Proposals to make company directors personally liable for GST go beyond the aim of combating illegal phoenixing, and instead put SMEs with legitimate trading difficulties at risk.

Treasury Laws Amendment (Combating Illegal Phoenixing) Bill 2019 proposes making directors personally liable for unpaid GST if the unpaid liability is not paid within 21 days of a director penalty notice (DPN) being issued.

The proposed legislation raises concerns about piercing the corporate veil.

Options are available for SME directors when their business is in trouble. But the amount of tax owing under a DPN will greatly increase, as will the risk of bankruptcy for SME directors who have little or no assets.

The bill was introduced to combat phoenixing by opportunistic, systematic directors where the directors are involved in moving assets from one company to another. However it goes beyond its intended target and captures companies that are legitimately wound-up because of trading difficulties.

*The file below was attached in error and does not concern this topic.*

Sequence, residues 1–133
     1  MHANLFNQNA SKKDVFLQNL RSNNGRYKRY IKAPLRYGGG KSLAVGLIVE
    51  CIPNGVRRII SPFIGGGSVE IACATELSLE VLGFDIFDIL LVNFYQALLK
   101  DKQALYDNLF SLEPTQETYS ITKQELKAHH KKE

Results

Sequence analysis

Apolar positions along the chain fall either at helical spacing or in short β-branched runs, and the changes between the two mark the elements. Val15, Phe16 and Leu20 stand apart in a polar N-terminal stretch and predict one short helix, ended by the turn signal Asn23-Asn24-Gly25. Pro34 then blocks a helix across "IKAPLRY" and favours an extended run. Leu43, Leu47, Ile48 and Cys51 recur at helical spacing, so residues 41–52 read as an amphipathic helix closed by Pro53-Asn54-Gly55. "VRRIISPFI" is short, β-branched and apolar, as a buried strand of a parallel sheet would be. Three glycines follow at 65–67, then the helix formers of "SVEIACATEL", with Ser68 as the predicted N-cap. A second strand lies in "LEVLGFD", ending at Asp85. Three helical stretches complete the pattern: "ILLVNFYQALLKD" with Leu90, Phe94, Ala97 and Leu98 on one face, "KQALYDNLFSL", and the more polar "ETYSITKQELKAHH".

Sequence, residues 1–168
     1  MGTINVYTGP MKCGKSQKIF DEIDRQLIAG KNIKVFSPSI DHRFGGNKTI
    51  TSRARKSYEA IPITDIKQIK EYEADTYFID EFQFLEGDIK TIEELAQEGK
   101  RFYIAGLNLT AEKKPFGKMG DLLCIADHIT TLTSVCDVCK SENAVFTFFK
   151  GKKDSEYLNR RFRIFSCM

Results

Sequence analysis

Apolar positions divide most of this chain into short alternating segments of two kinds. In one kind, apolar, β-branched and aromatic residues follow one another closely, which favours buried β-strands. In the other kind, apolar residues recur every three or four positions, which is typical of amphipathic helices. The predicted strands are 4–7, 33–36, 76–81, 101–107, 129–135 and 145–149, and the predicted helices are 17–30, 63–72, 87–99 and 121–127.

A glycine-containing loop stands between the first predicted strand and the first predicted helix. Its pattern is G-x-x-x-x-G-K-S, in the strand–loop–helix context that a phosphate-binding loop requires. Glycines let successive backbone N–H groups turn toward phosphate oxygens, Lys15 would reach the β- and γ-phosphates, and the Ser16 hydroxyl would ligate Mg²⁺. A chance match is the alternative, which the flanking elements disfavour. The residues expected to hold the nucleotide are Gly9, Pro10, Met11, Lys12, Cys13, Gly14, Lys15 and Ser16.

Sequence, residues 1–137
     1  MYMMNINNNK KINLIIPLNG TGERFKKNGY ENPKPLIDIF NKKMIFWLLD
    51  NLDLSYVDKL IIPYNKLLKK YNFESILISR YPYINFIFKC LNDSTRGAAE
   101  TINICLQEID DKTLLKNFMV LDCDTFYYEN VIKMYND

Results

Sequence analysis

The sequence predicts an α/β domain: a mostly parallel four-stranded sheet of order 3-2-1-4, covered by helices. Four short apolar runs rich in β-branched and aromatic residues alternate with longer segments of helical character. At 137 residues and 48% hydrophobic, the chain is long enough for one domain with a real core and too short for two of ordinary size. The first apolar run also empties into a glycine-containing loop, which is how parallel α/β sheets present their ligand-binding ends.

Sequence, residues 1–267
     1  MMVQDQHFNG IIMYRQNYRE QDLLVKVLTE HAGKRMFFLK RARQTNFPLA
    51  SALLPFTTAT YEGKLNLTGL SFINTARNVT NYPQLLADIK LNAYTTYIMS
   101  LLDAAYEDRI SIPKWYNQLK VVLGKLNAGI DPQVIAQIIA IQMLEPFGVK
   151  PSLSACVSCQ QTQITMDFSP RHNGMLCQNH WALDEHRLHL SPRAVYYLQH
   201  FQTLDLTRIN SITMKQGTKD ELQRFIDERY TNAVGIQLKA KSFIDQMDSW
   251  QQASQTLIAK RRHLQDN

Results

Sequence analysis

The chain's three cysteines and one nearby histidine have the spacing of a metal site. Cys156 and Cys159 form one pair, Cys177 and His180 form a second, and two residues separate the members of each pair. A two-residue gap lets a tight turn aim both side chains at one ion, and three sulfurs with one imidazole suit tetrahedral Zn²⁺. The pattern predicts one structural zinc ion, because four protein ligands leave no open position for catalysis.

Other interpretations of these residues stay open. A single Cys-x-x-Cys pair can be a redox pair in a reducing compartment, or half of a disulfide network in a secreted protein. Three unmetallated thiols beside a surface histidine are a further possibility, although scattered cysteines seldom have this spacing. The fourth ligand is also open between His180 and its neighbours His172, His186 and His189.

Furthermore, the bill does not define a phoenix activity. This raises added concerns and gives an idea to the business community that there are no restrictions on government piercing the corporate veil.

The fear is that although this legislation may weed out those taxpayers who drive GST losses through illegal phoenix activity, it will also target otherwise honest directors who get caught in a spiral when their business goes into meltdown.

Small business is a vital ingredient of a thriving Australian business community. Given that GST is often one of the largest liabilities for business, the impact for SMEs that are already struggling could be significant. Readmore